The Langhe – which in the local dialect means “strips of land” – are a green sea of hills furrowed with creeks and streams that stretch from the Tanaro River to the Bormida River, as far as the Ligurian Appennines.
It’s an extreme landscape, made famous by well-known writers such as Fenoglio and Pavese, who wrote about the area as the place where their heart belonged. Once known as “the lost area”, now the Langhe region is home to the Alba white truffle, a renowned delicacy among the finest food lovers.
Many areas within the Langhe take their name from well-known foods or wines: the Barolo Langa, the Barbaresco Langa, the hazelnut Langa, or the Alta Langa with its pastures and cheeses. This area offers an variety of different landscapes, an ancient history that welcomes visitors to its towers and castles and a rich paradise of flavours and aromas.
From the Tanaro River plateau, the Monferrato area slopes down towards Asti, one of the best-preserved medieval cities of Italy. Once known as the marquisate of Aleramo – the Marquis that gave life to Monferrato – it is now renowned for its extended vineyards, which turn into a river of multicolored foliage each autumn. The rows of Asti Spumante and Moscato DOCG vines create a natural divide between historical villages and natural reserves, a paradise on earth for hikers. Castles, manors, abbeys and countryside villages make up a disjointed heritage that waits to be unveiled, right on top of the hills of the Alto Monferrato and the Ligurian Appennines.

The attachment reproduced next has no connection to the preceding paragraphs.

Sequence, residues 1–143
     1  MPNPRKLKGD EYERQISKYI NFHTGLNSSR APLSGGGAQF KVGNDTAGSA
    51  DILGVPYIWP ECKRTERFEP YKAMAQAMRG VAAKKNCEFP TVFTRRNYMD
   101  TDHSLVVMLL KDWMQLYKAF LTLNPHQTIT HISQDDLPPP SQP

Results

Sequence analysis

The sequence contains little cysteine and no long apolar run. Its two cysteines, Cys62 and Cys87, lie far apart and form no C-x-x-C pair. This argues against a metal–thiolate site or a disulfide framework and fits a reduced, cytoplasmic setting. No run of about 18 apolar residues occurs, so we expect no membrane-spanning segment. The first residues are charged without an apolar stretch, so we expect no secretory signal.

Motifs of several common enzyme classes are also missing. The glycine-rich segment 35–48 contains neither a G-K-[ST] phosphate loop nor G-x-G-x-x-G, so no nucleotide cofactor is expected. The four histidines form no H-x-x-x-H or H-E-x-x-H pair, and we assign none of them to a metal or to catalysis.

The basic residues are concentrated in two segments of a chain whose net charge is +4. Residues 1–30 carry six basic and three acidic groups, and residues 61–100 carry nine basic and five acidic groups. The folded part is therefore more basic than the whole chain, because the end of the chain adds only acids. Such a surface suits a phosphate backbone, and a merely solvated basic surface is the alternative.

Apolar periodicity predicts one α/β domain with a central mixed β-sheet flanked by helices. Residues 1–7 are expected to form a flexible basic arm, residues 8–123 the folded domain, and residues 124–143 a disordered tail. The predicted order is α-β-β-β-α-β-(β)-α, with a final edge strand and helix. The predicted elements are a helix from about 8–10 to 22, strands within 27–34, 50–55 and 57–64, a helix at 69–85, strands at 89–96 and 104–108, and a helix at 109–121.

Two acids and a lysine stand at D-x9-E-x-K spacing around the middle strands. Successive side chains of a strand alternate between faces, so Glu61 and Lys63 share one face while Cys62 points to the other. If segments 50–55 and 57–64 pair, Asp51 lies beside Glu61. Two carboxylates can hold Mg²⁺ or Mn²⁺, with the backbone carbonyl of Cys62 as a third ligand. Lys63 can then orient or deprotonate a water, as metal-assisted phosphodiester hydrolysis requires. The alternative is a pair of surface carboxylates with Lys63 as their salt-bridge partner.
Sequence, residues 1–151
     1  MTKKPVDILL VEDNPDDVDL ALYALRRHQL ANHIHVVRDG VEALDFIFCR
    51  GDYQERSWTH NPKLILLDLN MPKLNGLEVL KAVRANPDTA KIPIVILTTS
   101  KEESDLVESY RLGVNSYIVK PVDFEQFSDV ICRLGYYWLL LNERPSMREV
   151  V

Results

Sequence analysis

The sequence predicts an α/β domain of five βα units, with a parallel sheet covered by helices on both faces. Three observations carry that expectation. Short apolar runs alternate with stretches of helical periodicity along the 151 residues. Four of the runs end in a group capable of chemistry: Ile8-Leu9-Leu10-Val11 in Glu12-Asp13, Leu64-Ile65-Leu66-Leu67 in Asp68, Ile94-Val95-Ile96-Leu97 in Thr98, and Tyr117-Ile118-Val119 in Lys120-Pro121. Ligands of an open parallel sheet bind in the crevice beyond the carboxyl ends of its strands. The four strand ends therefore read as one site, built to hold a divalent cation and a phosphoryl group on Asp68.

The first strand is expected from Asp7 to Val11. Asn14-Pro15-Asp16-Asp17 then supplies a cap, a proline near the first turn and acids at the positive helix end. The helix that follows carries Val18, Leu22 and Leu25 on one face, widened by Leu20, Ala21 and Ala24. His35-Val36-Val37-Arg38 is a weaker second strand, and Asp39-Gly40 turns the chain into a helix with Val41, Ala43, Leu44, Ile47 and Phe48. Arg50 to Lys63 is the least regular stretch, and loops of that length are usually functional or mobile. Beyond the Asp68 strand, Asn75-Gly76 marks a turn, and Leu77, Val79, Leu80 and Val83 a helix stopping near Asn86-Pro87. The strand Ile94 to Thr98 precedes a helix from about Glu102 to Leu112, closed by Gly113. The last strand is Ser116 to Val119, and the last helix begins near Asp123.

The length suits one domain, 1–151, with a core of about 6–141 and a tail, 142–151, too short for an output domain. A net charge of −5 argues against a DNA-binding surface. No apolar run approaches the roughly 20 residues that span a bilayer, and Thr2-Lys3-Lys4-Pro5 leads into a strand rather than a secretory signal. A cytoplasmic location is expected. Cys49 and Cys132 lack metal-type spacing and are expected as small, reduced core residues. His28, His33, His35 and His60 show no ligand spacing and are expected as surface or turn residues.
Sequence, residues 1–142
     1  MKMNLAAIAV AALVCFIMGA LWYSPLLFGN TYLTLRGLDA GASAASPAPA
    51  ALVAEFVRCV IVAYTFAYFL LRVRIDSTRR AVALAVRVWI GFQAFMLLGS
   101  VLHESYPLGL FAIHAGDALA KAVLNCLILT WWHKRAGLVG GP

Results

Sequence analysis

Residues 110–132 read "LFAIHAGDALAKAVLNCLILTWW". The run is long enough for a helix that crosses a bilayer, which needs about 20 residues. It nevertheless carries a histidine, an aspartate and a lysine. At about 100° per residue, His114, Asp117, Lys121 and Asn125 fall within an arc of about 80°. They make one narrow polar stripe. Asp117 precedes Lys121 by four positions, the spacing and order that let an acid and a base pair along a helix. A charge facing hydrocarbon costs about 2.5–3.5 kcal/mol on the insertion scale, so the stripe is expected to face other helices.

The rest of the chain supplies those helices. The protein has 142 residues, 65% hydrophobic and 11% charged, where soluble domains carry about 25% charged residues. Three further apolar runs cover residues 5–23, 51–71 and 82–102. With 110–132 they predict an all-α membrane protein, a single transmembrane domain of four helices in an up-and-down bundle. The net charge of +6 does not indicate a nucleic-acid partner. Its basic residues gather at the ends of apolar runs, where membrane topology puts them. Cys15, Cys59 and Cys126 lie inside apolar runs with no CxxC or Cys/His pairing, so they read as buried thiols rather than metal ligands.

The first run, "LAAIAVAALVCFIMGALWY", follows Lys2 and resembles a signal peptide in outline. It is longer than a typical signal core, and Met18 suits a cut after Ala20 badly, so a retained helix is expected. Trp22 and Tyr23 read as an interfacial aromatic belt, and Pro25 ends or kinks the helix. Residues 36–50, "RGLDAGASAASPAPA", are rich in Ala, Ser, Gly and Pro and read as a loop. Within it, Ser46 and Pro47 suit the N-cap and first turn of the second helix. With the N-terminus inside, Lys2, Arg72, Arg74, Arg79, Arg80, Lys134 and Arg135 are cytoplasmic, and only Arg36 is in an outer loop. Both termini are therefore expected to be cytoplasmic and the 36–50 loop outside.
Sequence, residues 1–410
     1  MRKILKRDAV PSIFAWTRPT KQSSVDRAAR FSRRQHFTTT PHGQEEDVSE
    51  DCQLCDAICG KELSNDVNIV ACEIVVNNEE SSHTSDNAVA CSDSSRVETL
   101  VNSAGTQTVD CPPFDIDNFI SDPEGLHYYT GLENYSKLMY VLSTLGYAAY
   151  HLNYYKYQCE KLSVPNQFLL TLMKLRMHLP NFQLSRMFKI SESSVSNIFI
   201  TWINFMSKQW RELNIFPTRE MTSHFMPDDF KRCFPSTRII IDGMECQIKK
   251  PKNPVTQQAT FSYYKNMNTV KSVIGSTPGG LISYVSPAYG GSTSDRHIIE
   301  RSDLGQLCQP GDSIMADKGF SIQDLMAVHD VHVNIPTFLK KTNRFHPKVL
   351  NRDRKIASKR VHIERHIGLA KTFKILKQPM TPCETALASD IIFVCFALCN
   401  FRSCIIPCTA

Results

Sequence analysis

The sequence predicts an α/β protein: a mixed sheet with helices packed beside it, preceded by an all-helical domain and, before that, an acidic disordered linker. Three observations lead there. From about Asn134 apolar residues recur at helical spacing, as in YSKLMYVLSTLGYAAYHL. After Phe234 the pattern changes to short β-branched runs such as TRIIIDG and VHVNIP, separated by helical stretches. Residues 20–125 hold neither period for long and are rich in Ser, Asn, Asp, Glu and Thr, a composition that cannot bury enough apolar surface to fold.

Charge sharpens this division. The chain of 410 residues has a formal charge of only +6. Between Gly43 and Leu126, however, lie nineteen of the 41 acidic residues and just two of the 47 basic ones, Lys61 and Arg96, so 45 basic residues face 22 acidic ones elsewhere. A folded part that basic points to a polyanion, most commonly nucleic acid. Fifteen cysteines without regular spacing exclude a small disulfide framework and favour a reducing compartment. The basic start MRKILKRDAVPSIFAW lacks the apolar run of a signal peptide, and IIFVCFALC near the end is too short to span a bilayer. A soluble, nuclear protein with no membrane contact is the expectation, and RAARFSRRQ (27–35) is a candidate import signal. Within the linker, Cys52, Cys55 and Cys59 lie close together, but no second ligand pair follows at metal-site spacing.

The Roero area stretches over the hills flanking the left bank of the Tanaro River, which marks the border between the areas of Langhe and Roero and flows through the provinces of Torino and Asti. The people, the agricultural land and the small historical villages all live side by side with an extreme landscape made up of deep vegetation and harsh hills. The name of the area comes from the noble Roero family of the nearby city of Asti, who owned most of its castles and lands. A 32-km long fracture splits the soft, hilly landscape of the Roero area: the Rocche, a peculiar geological phenomenon dating back to centuries ago. Standing on their rocky spurs are several small villages. Over the centuries, the territory has grown to become a busy area with a strong commercial penchant, and extremely open to welcome guests.